- Friday’s session, Come Learn New Tunes!, was an opportunity to learn new tunes written specifically for the festival, taught by Eddie Rogers, Leanne Aucoin, and Ian MacLeod (Glengarry); it was followed by a square dance that I did not attend and, I understand, the music continued informally on into the wee small hours of the night.
- Saturday saw a lecture series and workshops, which I did not attend, followed by a concert and a square dance, at both of which I was present, though I left the square dance mid-way through. Again, I understand jam sessions continued long after the dance was over.
- Sunday began with a continuation of the lecture series, which I did not attend, and concluded with Celebrating Forty Years: Finale Concert, which I did attend.
Click on the links in the subtopics section of this page’s header to view the photos for that day.
The weather this year was unusually coöperative, with sunny weather and good breezes throughout the entire festival. Both concerts were held outside in the Gaelic College’s natural amphitheatre and both ended with a bright moon overhead.
The canteen, in addition to the usual cold drinks, tea, and coffee, featured hamburgers, hot dogs, sausages, and home-cut fries; ice cream and fresh stawberry shortcake were available for dessert. CD’s, DVD’s, books, tee-shirts, and other similar materials were also on sale during the concerts. Staffed by volunteers, the proceeds from all of these activities help support the work of the Association.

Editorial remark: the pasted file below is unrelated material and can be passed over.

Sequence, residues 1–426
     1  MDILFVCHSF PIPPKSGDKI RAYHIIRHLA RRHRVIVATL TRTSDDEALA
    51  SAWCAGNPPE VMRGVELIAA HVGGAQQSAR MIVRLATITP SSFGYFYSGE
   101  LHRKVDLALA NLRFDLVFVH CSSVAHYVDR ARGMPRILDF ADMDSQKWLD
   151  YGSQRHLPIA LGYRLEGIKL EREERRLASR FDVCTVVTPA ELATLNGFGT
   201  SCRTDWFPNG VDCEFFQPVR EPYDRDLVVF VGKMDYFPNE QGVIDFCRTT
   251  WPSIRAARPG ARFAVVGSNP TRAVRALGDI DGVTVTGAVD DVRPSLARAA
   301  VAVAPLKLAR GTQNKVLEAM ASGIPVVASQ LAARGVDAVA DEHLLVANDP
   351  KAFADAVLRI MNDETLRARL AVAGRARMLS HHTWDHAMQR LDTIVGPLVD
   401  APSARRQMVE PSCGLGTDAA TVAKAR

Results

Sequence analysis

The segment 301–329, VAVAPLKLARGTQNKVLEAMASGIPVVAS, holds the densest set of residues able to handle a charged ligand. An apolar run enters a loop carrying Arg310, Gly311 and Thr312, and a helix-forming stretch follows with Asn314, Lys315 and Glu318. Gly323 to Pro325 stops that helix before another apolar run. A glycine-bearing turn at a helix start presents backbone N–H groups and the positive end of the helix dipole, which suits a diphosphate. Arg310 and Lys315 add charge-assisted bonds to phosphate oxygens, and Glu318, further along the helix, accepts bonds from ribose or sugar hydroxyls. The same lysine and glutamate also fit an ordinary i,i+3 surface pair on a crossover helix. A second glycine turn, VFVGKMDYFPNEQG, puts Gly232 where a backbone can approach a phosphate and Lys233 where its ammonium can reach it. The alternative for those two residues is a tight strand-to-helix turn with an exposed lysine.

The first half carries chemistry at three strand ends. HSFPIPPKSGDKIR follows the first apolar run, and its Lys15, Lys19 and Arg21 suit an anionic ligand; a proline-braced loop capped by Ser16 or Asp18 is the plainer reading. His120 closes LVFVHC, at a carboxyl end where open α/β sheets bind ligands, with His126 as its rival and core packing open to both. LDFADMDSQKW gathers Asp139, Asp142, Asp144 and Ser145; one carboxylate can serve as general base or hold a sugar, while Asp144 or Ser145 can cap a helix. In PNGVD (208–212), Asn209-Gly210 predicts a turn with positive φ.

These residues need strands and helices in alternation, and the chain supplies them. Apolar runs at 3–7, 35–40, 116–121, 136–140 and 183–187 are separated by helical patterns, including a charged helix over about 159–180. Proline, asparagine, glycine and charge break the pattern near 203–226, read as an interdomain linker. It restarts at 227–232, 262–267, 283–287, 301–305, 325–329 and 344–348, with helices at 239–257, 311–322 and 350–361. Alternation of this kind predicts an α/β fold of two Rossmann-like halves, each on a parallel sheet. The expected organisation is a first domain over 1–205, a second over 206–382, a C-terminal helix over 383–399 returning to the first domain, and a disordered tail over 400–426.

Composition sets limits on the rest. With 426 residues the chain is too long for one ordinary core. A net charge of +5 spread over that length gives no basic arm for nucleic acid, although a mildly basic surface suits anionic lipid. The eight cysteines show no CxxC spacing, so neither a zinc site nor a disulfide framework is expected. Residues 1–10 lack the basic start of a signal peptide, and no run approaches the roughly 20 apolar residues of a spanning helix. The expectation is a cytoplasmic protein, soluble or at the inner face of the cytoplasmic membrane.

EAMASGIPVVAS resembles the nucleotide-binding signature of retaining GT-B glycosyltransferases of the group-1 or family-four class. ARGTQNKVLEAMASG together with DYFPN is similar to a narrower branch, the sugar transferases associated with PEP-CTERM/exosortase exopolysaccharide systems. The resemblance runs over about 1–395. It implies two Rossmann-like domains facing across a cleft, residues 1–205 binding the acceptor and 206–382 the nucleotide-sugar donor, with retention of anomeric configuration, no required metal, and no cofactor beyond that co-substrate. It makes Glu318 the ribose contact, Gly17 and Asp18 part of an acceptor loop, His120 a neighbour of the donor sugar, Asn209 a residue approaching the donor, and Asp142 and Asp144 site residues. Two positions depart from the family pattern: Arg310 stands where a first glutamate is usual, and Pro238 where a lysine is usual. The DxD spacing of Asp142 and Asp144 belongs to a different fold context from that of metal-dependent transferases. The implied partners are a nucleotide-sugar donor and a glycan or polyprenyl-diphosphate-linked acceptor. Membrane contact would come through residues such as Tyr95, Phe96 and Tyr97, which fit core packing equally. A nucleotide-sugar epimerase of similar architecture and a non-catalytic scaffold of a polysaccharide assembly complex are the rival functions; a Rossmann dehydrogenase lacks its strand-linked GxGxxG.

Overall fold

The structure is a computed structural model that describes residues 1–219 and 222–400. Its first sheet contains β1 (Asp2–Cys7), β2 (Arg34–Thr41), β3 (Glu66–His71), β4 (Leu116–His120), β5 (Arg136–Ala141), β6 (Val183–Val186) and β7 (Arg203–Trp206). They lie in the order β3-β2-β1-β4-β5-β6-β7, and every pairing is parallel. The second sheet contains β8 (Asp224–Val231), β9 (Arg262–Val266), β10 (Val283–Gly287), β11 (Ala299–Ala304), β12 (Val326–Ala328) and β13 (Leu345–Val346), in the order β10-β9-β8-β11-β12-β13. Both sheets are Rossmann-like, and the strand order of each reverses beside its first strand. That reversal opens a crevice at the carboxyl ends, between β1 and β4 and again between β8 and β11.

These festivals are important as they provide a gauge of the health of the music, featuring, as they do, the upcoming youth players and many of Cape Breton’s best players. The concerts revealed that the music is in very good shape. The youth of a few years ago have now taken their rightful rôle as sought-after, experienced performers of the music (indeed, some were unable to attend because of performance commitments elsewhere). This year, a large contingent of fiddlers from Glengarry (Ontario), Ottawa, and Prince Edward Island took part in the festival; more fiddlers took the stage during the finale concert than I had ever seen perform together before. It was a most amazing sound to hear!
Like so many on Cape Breton, this festival could not have been mounted without the commitment and perseverance of the many volunteers, whose support is crucial to this festival’s continued success. To the Association’s directors, stage managers, emcees, canteen crew, chaperones, those staffing the ticket tables, maintaining the membership lists, selling merchandise to raise funds for the Association, ferrying youth players to and from practice sessions and concerts, and carrying out the many other functions all year long that are necessary to make this festival the success it is year after year—to all of them we owe a huge vote of thanks and appreciation for their time, work, and dedication. Cape Breton’s fiddle music would not be the same without them.